Echinocereus grusonii - cactus of commercial success
It does not matter if ones interaction with cacti is just recognising them as spiky plants that more than likely will hurt you with the slightest touch or one is seasoned cacti collector, you've definitely seen Echinocactus Grusonii at some point. It is not a surprise – this cactus has been known to us for over 130 years. This massive specimen was an instant attraction in cactus world. Big, spiny and not that hard to look after, it grows from 20cm to 130cm in diameter and can reach up to 1m in height.
Where is E. Grusonii grown?
In more southern countries, this cactus makes a perfect landscaping plant. In countries like Spain, Greece, Portugal these cacti can be seen as a beautiful garden piece. Surprisingly enough even in our climate we do have growers who are growing them outside all year round. Kevin Begley got his E. Grusonii few years back in Cornwall and is now growing it in xeric bed with a top covering. His grusonii seems to be doing great, given how unforgiving Irish climate can get.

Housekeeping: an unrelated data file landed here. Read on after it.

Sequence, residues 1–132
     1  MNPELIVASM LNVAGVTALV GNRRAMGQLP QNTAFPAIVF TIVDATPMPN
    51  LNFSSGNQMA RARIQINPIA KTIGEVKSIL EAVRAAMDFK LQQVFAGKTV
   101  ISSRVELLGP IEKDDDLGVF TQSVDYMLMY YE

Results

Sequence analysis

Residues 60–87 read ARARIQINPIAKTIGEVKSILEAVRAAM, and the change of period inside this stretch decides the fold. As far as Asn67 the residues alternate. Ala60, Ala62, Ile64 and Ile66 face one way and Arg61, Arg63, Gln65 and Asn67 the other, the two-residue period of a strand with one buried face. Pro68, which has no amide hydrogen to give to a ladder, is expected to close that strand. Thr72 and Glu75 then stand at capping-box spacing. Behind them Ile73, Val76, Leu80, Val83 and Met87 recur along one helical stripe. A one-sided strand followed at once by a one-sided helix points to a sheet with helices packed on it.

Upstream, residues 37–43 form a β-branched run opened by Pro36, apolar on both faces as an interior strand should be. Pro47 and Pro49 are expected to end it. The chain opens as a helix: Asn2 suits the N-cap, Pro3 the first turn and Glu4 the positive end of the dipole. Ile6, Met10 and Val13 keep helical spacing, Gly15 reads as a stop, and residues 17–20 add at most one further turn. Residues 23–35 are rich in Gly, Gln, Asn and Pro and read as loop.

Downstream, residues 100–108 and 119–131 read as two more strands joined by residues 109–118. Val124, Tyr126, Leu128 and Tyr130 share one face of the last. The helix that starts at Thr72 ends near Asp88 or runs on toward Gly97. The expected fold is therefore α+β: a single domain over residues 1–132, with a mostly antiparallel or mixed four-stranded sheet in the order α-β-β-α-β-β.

But how about its natural habitat?
Well, the situation is not all that good. The primary habitat for E. Grusonii is being slowly destroyed. Even though there are millions and millions of this plant produced and sold all around the world, natural habitat plants are dwindling away. Due to dam construction in Hidalgo, Mexico it is now estimated that there is as little as 50 plants left in the wild and the plant is now critically endangered.
The so lovingly called Mother-in-Law's Cushion is extremely easy to grow. So if you got a small plant in your local shop, all you need is a little time. Well maybe 20 years or so...
All cacti do well in permeable soil.
Some of them need more organic soil and some of them do not need it at all. E. Grusonii will do well in a basic cactus soil mix (1:1:1 soil, sand, grit). It needs sunny exposure for good spinal growth and good health. It flowers only when mature (30-40cm in diameter) bright yellow flowers can be missed if plant is particulary big. They need a lot of sun exposure to open up and any shade would inhibit flower from opening.
How can we propagate?
Depending on how many flowers did E. Grusonii set, you may get a lot of seed pods which takes couple of months to ripen and provide seed. It can also be propagated through pups.
When should I stop watering?
Rest period for this specimen starts mid September and finished mid March to April. During this time plants should not be watered and kept dry. Mature plants can survive at sub-zero temperatures while younger plants should be overwintered at 4-7 degrees celsius.
So you've got yourself an Echinocereus grusonii?
Enjoy growing it! With correct care this plant will last you a life time and will definitely be interesting piece for conversation with your neighbours or friends.